> ./vortex --site simple-slack-bot.app.vtxhub.com --port 8080 --host localhost --provider http --save
Ready for some pro tips?
The --save option lets you create a PIN code to use instead of your email and password. This saves time when you stop and start Vortex Shell many times in a day.
You can run vortex --help for a complete list of startup parameters.
Want to host several sites from the same computer? Just lanch multiple copies of Vortex Shell
Is your app running on a differnt machine? No problem, use the --host option to choose any computer on your network.
Now you will learn how to create a new App in Slack.
Register App Name
To get started, click here to register an App Name.
Create Slash Command
Next click Slash Commands in the left menu and enter the following information
Command Name: /compliment
Request URL: Your Instant-domain goes here plus Bolt's path like this https://your-instant-domain/slack/events
Short Description: Anything you like, this shows when somebody starts to type your command
Last step, click Install App in the left menu and click the Install to Workspace button.
After giving your app permissions to your workspace you should land on the OAuth amp; Permissions page. If not, click it now in the left menu. Scroll down to Redirect URLs and enter your Vortex Instant-domain name here.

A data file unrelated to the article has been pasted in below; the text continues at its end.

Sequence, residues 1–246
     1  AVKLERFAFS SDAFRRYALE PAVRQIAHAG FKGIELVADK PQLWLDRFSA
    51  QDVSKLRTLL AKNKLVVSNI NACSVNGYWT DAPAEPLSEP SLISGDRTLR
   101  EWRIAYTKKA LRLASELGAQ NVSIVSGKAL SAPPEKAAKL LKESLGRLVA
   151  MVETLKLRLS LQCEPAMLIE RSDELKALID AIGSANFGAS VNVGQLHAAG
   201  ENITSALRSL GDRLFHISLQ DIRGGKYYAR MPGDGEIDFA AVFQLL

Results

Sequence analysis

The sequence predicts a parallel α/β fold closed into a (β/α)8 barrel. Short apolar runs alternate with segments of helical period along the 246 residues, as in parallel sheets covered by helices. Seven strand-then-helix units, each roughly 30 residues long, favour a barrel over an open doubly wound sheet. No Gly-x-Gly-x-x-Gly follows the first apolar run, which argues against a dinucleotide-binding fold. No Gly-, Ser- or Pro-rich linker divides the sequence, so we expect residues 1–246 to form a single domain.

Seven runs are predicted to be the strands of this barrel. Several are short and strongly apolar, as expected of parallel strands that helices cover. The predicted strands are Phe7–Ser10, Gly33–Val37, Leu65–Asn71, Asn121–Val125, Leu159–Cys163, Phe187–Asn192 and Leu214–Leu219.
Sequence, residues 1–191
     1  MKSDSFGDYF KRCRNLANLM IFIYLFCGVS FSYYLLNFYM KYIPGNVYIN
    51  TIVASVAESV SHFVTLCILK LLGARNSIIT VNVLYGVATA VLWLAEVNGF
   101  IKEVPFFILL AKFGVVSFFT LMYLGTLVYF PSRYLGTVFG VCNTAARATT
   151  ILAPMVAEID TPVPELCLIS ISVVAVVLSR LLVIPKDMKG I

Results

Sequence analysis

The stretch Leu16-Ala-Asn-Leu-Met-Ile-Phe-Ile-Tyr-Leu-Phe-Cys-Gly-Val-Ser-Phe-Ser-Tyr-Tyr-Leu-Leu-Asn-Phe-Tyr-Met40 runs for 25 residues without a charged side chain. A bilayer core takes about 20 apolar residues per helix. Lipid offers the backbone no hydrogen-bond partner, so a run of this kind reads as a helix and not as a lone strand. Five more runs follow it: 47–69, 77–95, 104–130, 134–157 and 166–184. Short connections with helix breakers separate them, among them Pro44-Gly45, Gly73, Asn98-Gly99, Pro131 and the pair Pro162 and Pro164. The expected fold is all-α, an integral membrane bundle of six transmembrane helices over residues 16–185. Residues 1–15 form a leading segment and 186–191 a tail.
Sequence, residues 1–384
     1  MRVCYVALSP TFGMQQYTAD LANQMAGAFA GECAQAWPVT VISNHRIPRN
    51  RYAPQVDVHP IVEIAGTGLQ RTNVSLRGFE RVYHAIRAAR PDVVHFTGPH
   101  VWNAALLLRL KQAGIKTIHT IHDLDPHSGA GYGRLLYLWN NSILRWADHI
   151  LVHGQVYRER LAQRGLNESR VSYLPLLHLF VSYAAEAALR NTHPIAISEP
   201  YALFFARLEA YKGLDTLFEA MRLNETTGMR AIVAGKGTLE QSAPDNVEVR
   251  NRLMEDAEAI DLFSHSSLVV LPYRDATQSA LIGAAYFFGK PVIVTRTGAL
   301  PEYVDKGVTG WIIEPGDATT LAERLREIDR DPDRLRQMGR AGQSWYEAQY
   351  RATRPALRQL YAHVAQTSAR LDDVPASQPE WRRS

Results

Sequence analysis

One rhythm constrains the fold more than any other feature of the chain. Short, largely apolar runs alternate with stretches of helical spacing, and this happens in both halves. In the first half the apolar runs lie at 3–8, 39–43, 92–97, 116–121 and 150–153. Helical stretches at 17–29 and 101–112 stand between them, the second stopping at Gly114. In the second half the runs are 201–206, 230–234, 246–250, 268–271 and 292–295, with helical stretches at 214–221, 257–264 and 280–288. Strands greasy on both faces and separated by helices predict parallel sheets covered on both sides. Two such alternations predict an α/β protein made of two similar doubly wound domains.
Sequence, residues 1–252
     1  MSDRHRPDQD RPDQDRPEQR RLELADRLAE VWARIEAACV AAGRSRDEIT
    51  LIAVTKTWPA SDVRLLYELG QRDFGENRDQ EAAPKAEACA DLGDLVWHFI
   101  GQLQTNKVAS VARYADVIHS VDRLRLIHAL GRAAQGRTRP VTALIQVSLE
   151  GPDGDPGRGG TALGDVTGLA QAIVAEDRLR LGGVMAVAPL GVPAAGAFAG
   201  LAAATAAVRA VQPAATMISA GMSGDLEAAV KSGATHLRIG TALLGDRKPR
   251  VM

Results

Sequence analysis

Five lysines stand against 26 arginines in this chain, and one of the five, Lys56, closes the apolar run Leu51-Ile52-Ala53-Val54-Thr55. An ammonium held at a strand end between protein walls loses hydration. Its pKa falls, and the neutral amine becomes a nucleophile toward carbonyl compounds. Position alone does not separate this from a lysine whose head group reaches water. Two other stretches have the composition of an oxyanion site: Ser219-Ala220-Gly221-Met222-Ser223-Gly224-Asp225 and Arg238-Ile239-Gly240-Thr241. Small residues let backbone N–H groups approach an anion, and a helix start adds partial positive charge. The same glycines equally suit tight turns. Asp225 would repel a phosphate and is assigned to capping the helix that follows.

Hint: Don't forget to click the green Save Keys button after adding your Instant-domain.
One last thing, go to the scopes section on the page and grant your app chat:write permission by clicking the Add an OAuth Scope button so it can write a message to the channel.
Grab Your Keys
Before you can write code, you will need to collect 2 different secret values from Slack. These values are located on two totally different screens. Copy these values somewhere safe, you will need them when you write your first few lines of code.
The first value is your Bot User OAuth Access Token located by clicking the left menu item OAuth & Permissions.
Don't forget to grab the code from Github. It contains comments and a much larger list of friendly messages. Our little simple bot is growing up!